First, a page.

What we are seeing in Ireland is an attack by right-wing conservative forces designed to chill the marriage equality debate, says Paul Murphy MEP.
Along with two thousand others last Sunday, I attended the protest against the disgraceful decision by the RTÉ to censor Rory O’Neill and pay a reported €85,000 in damages for ‘defamation’ after he labelled individuals prominent in opposing marriage equality in Ireland ‘homophobic’.
When I returned home, my office email account had been spammed with emails from across Europe opposing a report in the European Parliament called ‘EU Roadmap against homophobia and discrimination on grounds of sexual orientation and gender identity’. The emails told me that this report was an attack on freedom of speech, another that it “represents an astonishingly shameless attempt by LGBT activists to twist what is meant by fundamental human rights”. One came from European Dignity Watch, which argued that this report “calls for special protection and special rights for LGBTI, but not for all citizens”.
As I said in my speech in the European Parliament, this false claim about a threat to the freedom of speech is deeply ironic given the silencing of Rory O’Neill by RTÉ (you can see my speech here.) It is also hypocritical and offensive because the right to freedom of speech of LGBT people is trampled on regularly.
Gay Pride demonstrations have been attacked by far right thugs. Within the EU, Gay Pride demonstrations have been banned recently by local authorities in Poland and Lithuania. In Lithuania, there are even laws similar to that of Putin’s Russia which bans “propaganda” which “profanes family values”.
Needless to say, the report does not give LGBT people any special rights. It simply addresses ways of tackling homophobia, which infringes on their human rights. Indeed the report is a response to EU inactivity in challenging homophobia. Ten times the European Commission has refused requests from the European Parliament to develop a roadmap against homophobia. The leaders of the European Union, while rightly criticising countries such as Russia and Uganda for their violations of the human rights of LGBT people, are largely silent when comes to addressing homophobia inside the European Union.
What is worrying is the extent to which homophobic organisations have been able to mobilise. According the author of the report, MEP Ulrike Lunacek, she received over 40,000 emails against her report in the last week. A previous report, which included LGBT rights in terms of sexual and reproductive rights, was defeated due to a mobilisation by right wing organisations.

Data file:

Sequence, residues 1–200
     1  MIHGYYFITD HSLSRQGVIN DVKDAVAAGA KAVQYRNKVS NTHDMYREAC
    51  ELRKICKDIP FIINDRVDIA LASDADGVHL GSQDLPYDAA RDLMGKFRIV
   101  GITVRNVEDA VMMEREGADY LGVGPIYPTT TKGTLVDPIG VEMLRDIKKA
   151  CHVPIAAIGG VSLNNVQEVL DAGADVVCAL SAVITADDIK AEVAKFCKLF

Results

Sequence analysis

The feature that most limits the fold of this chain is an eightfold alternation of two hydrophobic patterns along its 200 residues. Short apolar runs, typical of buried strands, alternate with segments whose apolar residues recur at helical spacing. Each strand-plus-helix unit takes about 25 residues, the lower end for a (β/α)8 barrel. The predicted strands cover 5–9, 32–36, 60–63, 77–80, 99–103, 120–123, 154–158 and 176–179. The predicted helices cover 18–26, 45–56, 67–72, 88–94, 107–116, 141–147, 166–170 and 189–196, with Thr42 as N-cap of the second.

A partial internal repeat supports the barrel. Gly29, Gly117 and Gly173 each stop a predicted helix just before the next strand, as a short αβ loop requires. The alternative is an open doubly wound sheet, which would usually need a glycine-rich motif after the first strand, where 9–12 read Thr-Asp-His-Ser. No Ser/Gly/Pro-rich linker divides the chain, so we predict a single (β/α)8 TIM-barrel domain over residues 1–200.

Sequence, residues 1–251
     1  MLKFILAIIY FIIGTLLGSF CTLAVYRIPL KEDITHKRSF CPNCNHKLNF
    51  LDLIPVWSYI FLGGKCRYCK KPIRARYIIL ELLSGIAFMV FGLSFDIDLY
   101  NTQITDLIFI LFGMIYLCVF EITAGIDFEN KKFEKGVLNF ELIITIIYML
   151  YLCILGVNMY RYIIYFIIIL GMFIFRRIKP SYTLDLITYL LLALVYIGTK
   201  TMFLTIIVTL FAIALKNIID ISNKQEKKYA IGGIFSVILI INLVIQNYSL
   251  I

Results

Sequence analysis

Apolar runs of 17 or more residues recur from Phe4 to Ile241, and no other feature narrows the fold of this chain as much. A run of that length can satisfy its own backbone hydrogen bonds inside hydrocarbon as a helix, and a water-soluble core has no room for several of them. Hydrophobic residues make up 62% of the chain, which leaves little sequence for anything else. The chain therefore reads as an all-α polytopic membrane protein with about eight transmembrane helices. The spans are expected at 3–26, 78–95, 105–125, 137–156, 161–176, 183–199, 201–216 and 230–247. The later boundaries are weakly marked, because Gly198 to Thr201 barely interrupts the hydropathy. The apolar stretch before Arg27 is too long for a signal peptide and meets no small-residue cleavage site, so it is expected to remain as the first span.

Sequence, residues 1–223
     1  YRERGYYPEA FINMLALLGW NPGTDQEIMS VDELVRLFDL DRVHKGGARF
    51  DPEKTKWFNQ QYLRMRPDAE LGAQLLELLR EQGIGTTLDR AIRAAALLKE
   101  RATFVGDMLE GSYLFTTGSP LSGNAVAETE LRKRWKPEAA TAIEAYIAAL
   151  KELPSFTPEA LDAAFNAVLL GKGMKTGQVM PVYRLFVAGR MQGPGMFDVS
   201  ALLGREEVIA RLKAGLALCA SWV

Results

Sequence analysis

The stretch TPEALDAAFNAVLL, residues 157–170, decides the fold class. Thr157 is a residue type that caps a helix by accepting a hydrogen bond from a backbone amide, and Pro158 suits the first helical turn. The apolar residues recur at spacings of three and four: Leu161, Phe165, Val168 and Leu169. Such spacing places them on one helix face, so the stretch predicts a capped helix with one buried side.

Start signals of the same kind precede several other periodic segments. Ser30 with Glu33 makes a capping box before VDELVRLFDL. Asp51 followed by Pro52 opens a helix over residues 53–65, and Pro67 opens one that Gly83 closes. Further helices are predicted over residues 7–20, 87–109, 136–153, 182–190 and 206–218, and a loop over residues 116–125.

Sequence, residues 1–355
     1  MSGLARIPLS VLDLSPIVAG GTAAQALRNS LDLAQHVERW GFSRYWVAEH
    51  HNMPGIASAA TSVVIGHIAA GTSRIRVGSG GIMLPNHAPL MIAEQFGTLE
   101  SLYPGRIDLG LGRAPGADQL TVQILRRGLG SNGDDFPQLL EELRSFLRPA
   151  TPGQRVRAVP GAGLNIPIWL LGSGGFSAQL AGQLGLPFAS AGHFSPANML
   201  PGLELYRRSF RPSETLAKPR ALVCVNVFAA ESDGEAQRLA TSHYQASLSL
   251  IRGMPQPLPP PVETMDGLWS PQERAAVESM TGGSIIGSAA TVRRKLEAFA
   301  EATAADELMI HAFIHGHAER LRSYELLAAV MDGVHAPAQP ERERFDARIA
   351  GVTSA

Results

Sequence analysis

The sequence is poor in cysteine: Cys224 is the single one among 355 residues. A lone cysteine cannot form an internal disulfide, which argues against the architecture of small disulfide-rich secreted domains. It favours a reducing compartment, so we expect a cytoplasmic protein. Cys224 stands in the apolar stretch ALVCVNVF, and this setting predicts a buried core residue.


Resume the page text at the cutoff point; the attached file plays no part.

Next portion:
These individuals and organisations know that people are not interested in their rants about sin and sodomy so they wrap their reactionary views up in more acceptable rhetoric. So for example, in the debate in Ireland, homophobic individuals and institutions have tried to redefine what homophobia means. In the debate in the European Parliament, they have tried to claim gains for LGBT people infringes on their fundamental rights. This at a time when a new report from Amnesty International outlines how across Europe, transgendered people’s “fundamental rights” are being violated.
What we are seeing in Ireland is an attack by right-wing conservative forces designed to chill the debate in advance of a likely referendum on marriage equality. This chimes with a growing confidence of homophobic groups across Europe. The dangers they pose must be taken seriously. In France, right wing populist politicians were able to organise large protests against gay marriage, with the result that the Hollande government has now wavered.
Shortly after Croatia recently joined the EU, it passed a referendum limiting marriage to heterosexual couples. This coincided with a new anti-worker law including the right of employers to sack pregnant women while on maternity leave. This is an example of how attacks on LGBT right are linked to other attacks on social gains, and as happened in the past, by linking arms with others under attack it is possible to strengthen the fight for LGBT rights.
Opinion polls in Ireland consistently show that a strong majority supports gay marriage. Winning a referendum on this will be a big step forward and a blow to the forces of conservatism. What is clear, however, is that winning legal rights is not enough. Not only have we seen in different countries how these rights can be won and then lost again, but also on many occasions having legal rights does not translate into change on the ground.
For example, the EU Employment Equality Directive was introduced 15 years ago and included the banning of discrimination on grounds of sexual orientation. Yet according to a recent report, 20% of LGBTI people and 29% of transgendered people say they have been discriminated against because of their sexual orientation or gender identity. The same is true in relation to other struggles for civil rights. In America, the Civil Rights Act was introduced in 1964, yet it took mass movement to continue to ensure that the act was properly implemented.
It is that tradition of confidently mobilising to challenge bigotry and for full equality that will force these homophobes back. The legal bullying by the Iona Institute looks set to backfire spectacularly with Panti’s incredible speech at the Abbey going viral worldwide. The stark contrast between that courageous speech and the cowardice of the national broadcaster should push more people to get active and struggle for a society based on real equality.
Paul Murphy is the Dublin MEP for the Socialist Party. He is a member of the European Parliament’s intergroup on LGBT Rights and speaks on these issues in the European Parliament. Most recently, this involved condemning RTÉ’s censorship of Rory O’Neill and using the platform of the Parliament to call out homophobes.
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